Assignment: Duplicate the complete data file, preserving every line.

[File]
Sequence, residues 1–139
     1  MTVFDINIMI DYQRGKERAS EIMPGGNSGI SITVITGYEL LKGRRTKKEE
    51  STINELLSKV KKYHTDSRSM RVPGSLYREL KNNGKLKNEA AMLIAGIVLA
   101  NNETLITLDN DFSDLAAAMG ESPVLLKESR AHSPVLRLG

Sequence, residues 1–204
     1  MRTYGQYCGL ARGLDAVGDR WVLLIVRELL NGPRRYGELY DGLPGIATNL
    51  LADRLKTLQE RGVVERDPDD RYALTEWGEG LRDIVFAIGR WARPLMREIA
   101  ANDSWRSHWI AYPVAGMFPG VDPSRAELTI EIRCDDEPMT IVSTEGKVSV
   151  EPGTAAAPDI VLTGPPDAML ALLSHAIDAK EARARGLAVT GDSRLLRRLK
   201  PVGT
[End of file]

Sequence, residues 1–139
     1  MTVFDINIMI DYQRGKERAS EIMPGGNSGI SITVITGYEL LKGRRTKKEE
    51  STINELLSKV KKYHTDSRSM RVPGSLYREL KNNGKLKNEA AMLIAGIVLA
   101  NNETLITLDN DFSDLAAAMG ESPVLLKESR AHSPVLRLG

Sequence, residues 1–204
     1  MRTYGQYCGL ARGLDAVGDR WVLLIVRELL NGPRRYGELY DGLPGIATNL
    51  LADRLKTLQE RGVVERDPDD RYALTEWGEG LRDIVFAIGR WARPLMREIA
   101  ANDSWRSHWI AYPVAGMFPG VDPSRAELTI EIRCDDEPMT IVSTEGKVSV
   151  EPGTAAAPDI VLTGPPDAML ALLSHAIDAK EARARGLAVT GDSRLLRRLK
   201  PVGT